Scorecard | Match pictures
Shikhar Dhawan’s fifth ODI century, possibly his first without the assistance of a ‘life’, was the feature of India’s series-clinching victory over the West Indies in the third and final fixture at Kanpur, on Wednesday. Dhawan’s rollicking 119 (95b, 20x4) helped the hosts chase down the 264 they were set to win on a pitch that aided seam bowling early in the day, but quickly settled down into a decent batting track as the sun came out.
The chase was dealt a double blow when Ravi Rampaul dismissed Rohit Sharma (4) and Virat Kohli (19) early. But Dhawan and Yuvraj Singh (55) added 129 for the third wicket in what turned out to be the decisive phase. Just like the Windies, India too lost their first in the fifth over of the innings. Rohit fished loosely outside off and was caught at first slip. Kohli’s first two hits for four were played in the air, but his confident start was prematurely terminated when a Rampaul length ball caught him in a state of indecisiveness. Clearly in two minds, the aggressive Delhi batsman decided to leave too late, and edged to wicketkeeper Johnson Charles.
Dhawan began with three boundaries in Jason Holder’s first over and smashed him for two more in his second. Cuts and pulls were the order of the day, but Mister Mustachio's superlative form – one that he’s been riding for almost a year now – was obvious in the way he seemed to deal exclusively in the big shot. It was a flurry of such strikes that bailed India out of possible trouble when Sunil Narine was spinning a web around the clueless Yuvraj.
Yuvraj at sea
Narine bowled 33 deliveries for just 18 runs to Yuvraj, who clearly struggled to read him. Just when it looked that the Chandigarh left-hander would eventually give in to relentless pressure, Sammy relieved it through a string of short balls that were duly dispatched to where they deserved to be dispatched to. Yuvraj lived on to reach a (by his standards) laborious fifty in 68 balls, and was finally out to the man who deserved his scalp the most.
Dhawan, meanwhile, was serving up boundaries on cue. He made space to punch left-arm spinner Veerasamy Permaul through the off-side and seemed to gain momentum the nearer he got to three figures. The contest reached a crescendo when Rampaul beat his outside edge, only for the batsman to respond via a succession of powerful drives. He reached his hundred in 73 balls with a streaky four against Narine.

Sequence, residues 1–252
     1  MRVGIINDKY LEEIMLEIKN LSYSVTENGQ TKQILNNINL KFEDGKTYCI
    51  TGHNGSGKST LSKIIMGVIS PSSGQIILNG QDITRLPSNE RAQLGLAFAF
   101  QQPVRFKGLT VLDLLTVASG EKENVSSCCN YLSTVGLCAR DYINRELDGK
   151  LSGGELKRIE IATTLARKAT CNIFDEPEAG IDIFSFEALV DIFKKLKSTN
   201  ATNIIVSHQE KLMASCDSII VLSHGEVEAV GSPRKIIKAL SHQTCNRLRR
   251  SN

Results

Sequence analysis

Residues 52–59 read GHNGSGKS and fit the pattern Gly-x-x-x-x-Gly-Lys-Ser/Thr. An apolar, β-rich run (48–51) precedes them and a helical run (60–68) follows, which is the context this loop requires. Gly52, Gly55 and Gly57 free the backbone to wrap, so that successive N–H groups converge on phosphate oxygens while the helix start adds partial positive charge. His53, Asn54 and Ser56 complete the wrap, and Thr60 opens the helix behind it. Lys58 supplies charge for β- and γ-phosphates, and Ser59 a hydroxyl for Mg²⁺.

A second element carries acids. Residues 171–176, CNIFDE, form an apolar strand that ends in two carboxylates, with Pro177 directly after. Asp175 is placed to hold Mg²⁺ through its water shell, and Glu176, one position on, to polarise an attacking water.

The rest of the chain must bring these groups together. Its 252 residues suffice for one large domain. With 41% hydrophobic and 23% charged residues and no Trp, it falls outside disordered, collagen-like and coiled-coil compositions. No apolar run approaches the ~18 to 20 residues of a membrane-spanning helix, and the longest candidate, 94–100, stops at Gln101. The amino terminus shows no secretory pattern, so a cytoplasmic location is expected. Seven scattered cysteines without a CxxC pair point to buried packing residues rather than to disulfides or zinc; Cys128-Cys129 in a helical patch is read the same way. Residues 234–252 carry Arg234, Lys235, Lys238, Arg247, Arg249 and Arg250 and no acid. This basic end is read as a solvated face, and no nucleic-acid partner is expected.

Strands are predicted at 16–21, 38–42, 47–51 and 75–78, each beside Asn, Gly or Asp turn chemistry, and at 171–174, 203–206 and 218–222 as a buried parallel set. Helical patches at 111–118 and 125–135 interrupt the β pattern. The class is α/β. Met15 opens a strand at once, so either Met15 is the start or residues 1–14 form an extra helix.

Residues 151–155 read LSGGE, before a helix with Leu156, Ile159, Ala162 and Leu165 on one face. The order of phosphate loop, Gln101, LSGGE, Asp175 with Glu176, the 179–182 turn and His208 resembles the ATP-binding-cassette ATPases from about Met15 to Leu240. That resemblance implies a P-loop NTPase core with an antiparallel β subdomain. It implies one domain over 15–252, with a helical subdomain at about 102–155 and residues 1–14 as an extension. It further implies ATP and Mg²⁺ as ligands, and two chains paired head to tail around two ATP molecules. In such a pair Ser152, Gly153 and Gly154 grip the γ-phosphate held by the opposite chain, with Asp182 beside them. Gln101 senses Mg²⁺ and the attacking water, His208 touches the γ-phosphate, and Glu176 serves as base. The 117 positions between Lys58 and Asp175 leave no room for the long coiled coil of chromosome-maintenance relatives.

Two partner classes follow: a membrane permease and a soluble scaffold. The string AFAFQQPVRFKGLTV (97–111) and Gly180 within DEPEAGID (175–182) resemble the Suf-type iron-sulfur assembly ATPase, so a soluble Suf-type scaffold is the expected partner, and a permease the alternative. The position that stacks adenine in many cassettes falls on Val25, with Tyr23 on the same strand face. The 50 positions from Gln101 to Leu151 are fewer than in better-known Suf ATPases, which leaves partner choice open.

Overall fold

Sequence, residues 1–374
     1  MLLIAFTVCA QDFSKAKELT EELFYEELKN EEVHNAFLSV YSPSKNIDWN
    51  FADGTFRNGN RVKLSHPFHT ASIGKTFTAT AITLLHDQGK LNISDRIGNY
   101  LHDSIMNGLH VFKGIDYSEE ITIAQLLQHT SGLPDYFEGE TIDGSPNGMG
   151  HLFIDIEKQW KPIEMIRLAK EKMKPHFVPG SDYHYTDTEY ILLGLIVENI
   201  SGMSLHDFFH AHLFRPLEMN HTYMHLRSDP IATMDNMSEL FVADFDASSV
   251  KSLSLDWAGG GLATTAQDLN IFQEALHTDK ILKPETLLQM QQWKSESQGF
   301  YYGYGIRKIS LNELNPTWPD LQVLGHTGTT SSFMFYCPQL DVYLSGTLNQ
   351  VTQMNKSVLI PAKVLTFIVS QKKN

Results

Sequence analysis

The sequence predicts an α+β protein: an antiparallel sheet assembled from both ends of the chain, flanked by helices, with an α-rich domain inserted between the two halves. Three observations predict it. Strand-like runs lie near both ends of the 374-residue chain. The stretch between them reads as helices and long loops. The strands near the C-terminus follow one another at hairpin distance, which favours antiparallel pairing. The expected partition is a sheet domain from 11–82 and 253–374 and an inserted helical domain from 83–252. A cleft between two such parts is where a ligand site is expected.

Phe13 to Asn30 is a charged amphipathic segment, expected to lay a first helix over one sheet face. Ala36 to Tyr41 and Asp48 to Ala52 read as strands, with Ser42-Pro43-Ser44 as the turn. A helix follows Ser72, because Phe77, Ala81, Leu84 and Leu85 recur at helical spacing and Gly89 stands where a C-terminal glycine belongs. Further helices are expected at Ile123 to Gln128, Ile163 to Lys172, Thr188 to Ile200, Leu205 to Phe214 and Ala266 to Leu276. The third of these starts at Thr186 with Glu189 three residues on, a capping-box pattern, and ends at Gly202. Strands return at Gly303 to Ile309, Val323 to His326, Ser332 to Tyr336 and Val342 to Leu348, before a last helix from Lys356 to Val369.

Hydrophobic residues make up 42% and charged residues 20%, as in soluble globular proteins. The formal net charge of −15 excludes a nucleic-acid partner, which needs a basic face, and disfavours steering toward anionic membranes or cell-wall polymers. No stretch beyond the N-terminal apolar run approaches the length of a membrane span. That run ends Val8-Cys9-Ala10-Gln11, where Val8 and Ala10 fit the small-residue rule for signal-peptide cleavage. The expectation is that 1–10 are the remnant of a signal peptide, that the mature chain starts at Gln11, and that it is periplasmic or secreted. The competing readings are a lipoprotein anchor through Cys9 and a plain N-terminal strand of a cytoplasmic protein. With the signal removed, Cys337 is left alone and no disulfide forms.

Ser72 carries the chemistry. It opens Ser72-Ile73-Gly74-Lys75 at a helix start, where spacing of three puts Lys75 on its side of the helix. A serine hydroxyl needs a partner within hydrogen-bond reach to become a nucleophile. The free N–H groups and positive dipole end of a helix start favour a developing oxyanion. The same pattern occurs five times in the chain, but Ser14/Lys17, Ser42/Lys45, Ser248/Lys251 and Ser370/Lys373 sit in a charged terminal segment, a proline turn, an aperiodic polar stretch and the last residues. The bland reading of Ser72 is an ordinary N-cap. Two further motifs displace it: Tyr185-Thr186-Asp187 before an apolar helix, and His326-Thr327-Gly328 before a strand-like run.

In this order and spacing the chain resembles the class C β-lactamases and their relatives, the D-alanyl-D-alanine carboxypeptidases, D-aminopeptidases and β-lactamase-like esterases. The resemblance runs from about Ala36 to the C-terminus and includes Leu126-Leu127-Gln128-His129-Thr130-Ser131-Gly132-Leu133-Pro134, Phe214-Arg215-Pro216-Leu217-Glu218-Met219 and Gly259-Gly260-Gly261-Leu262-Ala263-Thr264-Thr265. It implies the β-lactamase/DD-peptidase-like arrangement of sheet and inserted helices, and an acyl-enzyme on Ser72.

Victory arrived on the back of yet another uninspiring performance by Suresh Raina (34) and Dhawan's eventual fall (a tepid return catch to Dwayne Bravo in the 38th over, with 40-odd needed for victory). Neither, however, had too much of a bearing on the outcome.
A decent spell by off-spinner R. Ashwin had earlier confined the West Indies to 263, in an innings of marked disproportion. Once Johnson Charles was bowled by vicious Bhuvneshwar Kumar inswinger, the visitors rebuild through a big, if somewhat fortuitous, 117-run partnership in 24.3 overs between opener Kieran Powell and Marlon Samuels. India’s trio of young seamers (Bhuvneshwar, Mohammad Shami and Mohit Sharma) gained perceptible movement and several edges in hazy conditions, but were unable to breakthrough again.
India had been unlucky to not pick up Samuels, who was tested somewhat by Shami Mohammad and Mohit, and was dropped by Kohii at slip when he had scored 60. Powell escaped being run-out when Yurvaj fudged a direct hit from point.
Ashwin removed them both. Powell perished to a top-edge on the sweep, while Samuels bowled on the third ball of the batting Powerplay. A phase of quiet came to be, as the Windies lost Lendl Simmons and Dwayne Bravo, but good things were just around the corner.
Darren Bravo (51*) and Sammy (37) clubbed two sixes apiece in a breakneck sixth-wicket stand of 67 in just 8.1 overs, the last three yielding 41 runs. The late flourish took the Caribbeans to a total that may have been competitive for a side other than India playing at home.